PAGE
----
I believe that these cards were intended to be thrown out as printer’s waste but some, apparently very few, made their way into sets.

I do not believe that the X cards were intended to depict a player. Although I did not do the research, Topps claims that this set features every major league debut of the 1989 season, which would explain it’s unusual subject number (152) , which varied each of the subsequent years lending some truth to the claim.

What’s especially odd is that given Topps’ high production run during this era, those two “wasted” spots would seem like something of loss financially. Given how often Topps put advertisements and offer cards in products, why didn’t they use those spots for something useful? Food for thought.

Obviously, all of this could be simply explained with an image of an uncut sheet but until I get a hold of one, where’s the fun in that?

Quick Look: 1990-91 Pro Set Paul Gillis “Bloody Nose” Variation

5 Oct

Thanks to one of JunkWaxGems’ contributors, we finally get to shine a spotlight on one of the most elusive Pro Set error cards not mentioning drug abuse or depicting adult content.

The 1990-91 Pro Set NHL release is full of errors, many more than the outstanding amount listed in the price guides. One card has been floating around on want-lists for the last eight or so years, yet still remains uncataloged in the big guides is card number 246 depicting then Quebec Nordiques center Paul Gillis.

Sharp-eyed collectors will notice that the error version lists Gillis’ jersey number as 37, as he clearly wears 23. But another, more interesting change shows Gillis’ nose bleeding on the error version while the stream of blood has been airbrushed away on the correction.

This card is truly under-the-radar for most variation and Pro Set collectors but once it gets the proper exposure and eventual recognition in the guides, I can see this extremely scarce “bloody nose” variety reach levels similar to the Fred Marion “Belt” error and potentially to the Manley “Substance Abuse” error. Until proven otherwise, this is a truly rare Pro Set issue and most-certainly the rarest of it’s hockey issues.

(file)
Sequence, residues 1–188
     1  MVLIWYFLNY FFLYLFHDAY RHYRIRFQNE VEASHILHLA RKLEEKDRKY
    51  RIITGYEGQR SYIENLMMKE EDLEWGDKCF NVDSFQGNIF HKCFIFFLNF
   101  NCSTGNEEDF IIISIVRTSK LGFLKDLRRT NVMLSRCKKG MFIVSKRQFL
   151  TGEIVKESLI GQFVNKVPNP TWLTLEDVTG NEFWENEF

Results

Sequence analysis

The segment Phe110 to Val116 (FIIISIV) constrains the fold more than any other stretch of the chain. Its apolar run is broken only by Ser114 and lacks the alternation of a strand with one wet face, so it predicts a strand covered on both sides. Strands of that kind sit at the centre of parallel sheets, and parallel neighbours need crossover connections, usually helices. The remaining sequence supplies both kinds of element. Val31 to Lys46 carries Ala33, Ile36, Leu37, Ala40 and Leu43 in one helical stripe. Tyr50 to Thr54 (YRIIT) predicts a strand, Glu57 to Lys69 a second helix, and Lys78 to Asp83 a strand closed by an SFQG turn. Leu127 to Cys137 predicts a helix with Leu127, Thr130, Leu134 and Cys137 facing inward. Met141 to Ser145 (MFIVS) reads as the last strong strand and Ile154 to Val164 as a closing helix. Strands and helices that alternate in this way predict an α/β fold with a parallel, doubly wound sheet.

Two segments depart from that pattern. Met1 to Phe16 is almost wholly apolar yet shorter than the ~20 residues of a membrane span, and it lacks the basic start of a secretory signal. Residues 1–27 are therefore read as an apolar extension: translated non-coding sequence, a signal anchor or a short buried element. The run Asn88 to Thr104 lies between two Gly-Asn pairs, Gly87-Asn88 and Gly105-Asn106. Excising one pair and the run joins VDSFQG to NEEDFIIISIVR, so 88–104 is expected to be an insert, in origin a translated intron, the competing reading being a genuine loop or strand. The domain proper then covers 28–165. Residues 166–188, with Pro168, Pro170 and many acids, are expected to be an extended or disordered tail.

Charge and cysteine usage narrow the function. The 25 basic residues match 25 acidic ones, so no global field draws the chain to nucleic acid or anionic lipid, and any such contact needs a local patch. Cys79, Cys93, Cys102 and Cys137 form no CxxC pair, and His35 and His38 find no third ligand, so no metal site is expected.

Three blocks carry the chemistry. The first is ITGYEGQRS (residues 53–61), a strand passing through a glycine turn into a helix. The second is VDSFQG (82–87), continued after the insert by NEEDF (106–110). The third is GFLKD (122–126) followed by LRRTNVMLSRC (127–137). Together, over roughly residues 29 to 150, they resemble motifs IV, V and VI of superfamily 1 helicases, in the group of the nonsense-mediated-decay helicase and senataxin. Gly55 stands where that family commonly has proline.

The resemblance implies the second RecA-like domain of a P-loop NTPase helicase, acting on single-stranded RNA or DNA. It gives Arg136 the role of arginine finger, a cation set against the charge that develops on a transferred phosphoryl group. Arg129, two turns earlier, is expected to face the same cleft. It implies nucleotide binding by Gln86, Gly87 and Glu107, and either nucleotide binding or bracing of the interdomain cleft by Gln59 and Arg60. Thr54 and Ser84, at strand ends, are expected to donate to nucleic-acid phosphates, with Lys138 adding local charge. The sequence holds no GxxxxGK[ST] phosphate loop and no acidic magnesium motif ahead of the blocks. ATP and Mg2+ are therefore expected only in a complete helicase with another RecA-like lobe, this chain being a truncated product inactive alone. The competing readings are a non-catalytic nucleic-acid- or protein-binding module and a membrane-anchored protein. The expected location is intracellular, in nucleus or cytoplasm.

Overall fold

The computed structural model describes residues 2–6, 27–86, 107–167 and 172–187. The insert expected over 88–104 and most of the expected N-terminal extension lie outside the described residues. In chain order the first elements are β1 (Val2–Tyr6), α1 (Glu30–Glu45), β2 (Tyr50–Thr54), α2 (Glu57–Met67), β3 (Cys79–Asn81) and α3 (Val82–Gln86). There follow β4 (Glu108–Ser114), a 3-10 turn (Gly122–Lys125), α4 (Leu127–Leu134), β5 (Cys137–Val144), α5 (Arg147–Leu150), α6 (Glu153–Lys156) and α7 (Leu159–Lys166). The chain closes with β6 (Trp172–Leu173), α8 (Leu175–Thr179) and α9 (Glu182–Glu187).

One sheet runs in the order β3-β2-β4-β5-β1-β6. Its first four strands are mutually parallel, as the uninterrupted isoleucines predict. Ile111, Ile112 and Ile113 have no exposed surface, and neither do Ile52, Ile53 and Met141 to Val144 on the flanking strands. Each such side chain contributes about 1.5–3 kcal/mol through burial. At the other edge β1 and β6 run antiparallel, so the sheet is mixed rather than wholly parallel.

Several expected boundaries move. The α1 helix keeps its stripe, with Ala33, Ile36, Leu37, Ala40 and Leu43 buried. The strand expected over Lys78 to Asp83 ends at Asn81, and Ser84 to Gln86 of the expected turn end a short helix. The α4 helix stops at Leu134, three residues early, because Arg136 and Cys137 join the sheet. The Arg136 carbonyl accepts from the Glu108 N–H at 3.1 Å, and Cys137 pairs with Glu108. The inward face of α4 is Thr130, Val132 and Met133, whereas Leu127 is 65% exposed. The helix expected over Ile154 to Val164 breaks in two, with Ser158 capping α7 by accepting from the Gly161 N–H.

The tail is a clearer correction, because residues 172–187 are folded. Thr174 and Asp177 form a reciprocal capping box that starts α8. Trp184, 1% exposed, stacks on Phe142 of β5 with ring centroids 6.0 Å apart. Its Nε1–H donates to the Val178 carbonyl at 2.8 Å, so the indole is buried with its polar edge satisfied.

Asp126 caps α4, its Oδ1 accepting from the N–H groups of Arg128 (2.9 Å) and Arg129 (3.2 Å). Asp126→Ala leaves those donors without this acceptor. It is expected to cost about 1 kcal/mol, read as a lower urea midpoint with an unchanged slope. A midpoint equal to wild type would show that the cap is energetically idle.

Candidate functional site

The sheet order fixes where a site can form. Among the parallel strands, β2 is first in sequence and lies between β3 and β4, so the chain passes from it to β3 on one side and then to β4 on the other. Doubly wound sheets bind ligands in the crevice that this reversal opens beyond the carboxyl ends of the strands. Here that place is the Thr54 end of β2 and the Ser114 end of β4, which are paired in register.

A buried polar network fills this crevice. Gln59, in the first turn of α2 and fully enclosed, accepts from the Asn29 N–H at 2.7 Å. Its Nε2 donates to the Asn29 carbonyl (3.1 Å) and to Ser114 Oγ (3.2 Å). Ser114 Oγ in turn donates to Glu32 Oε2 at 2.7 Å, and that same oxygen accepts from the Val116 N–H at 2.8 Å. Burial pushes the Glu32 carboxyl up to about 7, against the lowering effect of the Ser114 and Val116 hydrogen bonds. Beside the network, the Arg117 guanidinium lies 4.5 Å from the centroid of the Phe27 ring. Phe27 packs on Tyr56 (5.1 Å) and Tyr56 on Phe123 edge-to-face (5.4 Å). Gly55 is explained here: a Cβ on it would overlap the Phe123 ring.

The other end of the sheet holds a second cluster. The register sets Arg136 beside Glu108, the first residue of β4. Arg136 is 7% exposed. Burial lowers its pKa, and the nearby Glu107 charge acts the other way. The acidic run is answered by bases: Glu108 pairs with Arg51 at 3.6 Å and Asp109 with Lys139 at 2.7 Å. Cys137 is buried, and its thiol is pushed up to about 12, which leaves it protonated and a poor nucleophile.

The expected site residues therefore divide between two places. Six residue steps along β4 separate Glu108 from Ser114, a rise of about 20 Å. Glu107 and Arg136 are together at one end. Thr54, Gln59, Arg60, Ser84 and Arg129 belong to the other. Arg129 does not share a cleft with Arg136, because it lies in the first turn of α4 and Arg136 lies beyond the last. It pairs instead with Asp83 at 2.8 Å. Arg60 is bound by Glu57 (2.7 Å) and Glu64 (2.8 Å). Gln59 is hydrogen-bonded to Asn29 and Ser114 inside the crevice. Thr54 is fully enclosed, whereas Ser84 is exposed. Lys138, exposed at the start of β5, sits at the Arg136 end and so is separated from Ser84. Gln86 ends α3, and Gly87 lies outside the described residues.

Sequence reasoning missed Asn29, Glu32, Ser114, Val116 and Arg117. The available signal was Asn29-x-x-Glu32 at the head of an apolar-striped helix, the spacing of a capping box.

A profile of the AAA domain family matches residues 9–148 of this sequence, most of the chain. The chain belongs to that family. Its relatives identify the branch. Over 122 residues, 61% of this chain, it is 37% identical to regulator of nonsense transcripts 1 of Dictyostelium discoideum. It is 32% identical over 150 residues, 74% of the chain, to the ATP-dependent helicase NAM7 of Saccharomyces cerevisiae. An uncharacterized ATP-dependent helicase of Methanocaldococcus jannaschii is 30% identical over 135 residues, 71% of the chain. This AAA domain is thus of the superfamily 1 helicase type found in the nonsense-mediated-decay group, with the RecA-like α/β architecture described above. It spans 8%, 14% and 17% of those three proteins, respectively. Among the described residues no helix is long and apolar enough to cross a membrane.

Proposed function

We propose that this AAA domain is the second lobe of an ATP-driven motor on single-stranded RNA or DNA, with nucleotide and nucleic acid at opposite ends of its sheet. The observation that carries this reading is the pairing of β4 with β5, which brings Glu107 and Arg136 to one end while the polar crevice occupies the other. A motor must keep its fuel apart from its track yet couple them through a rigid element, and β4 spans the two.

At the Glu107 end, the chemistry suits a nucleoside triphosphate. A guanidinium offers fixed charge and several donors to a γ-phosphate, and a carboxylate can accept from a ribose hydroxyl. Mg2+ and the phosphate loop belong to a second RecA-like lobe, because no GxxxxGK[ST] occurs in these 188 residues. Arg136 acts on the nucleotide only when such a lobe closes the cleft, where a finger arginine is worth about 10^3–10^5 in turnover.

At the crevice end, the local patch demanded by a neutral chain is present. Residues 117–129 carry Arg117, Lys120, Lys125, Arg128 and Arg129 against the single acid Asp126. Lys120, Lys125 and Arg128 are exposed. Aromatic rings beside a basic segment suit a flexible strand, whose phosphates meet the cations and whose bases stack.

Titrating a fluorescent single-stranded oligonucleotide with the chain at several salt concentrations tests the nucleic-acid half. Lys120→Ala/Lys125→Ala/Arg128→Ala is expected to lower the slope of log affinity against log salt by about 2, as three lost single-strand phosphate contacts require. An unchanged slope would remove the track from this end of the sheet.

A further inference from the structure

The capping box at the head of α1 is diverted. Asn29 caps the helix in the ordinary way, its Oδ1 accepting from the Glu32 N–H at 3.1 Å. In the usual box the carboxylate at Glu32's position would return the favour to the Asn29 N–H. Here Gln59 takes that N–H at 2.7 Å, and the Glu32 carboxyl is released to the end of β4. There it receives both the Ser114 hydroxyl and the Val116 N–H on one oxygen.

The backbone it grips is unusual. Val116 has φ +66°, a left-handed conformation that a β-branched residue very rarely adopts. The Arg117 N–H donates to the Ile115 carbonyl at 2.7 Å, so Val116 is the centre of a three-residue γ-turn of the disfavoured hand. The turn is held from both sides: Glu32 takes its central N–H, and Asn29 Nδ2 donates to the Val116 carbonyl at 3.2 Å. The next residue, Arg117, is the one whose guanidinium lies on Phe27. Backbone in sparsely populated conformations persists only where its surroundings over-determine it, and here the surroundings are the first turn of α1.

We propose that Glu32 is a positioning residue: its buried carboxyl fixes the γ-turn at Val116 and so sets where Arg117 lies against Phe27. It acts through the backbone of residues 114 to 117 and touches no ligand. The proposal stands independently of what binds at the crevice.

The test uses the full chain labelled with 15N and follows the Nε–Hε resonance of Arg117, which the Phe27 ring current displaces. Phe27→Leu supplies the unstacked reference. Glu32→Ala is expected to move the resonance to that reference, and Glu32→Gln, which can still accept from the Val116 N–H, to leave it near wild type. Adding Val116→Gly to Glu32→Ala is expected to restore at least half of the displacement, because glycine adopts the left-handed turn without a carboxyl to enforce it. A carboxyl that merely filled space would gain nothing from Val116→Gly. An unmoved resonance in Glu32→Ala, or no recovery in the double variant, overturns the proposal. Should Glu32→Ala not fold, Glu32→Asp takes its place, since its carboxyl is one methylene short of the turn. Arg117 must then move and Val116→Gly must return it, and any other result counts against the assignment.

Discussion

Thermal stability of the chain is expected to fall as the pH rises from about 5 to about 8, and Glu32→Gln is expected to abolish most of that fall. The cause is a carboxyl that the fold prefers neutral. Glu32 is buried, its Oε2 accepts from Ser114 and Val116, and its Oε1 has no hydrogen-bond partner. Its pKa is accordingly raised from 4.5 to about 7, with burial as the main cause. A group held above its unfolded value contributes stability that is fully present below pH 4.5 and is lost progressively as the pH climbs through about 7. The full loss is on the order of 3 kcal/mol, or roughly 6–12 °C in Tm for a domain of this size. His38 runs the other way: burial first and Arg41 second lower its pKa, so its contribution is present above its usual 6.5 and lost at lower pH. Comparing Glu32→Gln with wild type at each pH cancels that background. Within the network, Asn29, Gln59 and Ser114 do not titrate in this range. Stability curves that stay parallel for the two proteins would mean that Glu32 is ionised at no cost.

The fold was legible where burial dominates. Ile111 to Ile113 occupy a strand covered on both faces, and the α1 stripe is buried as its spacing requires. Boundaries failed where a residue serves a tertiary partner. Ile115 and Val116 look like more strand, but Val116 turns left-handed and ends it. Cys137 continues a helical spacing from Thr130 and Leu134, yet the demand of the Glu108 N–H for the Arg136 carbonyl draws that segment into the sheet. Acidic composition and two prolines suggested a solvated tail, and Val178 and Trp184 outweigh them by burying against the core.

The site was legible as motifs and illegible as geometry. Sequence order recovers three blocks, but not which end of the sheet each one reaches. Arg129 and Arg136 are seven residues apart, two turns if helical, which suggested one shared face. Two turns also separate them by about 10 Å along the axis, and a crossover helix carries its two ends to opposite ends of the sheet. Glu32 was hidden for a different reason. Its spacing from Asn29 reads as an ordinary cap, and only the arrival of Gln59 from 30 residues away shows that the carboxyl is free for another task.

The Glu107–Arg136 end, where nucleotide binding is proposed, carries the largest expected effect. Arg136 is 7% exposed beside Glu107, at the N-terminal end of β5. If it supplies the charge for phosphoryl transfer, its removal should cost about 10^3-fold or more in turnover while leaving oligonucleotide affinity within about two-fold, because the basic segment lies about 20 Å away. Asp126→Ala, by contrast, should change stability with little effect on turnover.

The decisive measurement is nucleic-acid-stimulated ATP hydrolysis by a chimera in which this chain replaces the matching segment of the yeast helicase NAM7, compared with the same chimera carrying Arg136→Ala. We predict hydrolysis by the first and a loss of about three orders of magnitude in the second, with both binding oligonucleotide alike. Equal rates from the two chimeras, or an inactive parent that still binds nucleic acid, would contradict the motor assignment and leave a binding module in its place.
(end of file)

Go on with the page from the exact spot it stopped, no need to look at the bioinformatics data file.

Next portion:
Some spectacular recent finds in 1990 Pro Set variations

19 May

To say April 2011 was a good stretch for me, Pro Set-wise, would be an understatement.

I recently purchased a 5 box lot of 1990 series 1 on ebay. Found 2 Fred Marion errors. This was especially significant to me because I had previously never pulled a copy myself, not to mention, they were both pretty decent looking copies. And though the rest of the boxes yielded corrections and the more common varieties of each variation-affected player, a second glance at the backs of my Fred Marion corrections, revealed a new variety, which starts off this blog entry:

1990 Pro Set Fred Marion with P. over bio data

Not quite sure what is going on with this card but it looks like a handwritten P. except that it is definitely printed on the card. Similar to the 1978 Topps Bump Wills with black circle, in person, it looks like a proofer took a marker or sharpie to a plate or a negative and made a note in the form of ‘P.’ A search through nearly a hundred other copies did not produce another!


Another recent discovery, also revealed to me through my recent box breaks, was a new variation on Roger Craig’s card #287. Roger’s card has seen a few different printing varieties on it’s reverse but this was new to me:

1990 Pro Set Roger Craig with “Blood” on pants

While examining the Craig cards from my break, I noticed that they all had a slanted top stat line on back, so I dug into my inventory of Pro Set commons and pulled out all my Craigs. Immediately I caught a copy that had what appeared to be blood stains on his leg on front, very likely that they are printing flaws, but since they so strongly resemble that, and how appropriate that is considering the sport, I decided the moniker fits best. A search through the remaining (almost a hundred) copies turned up four more.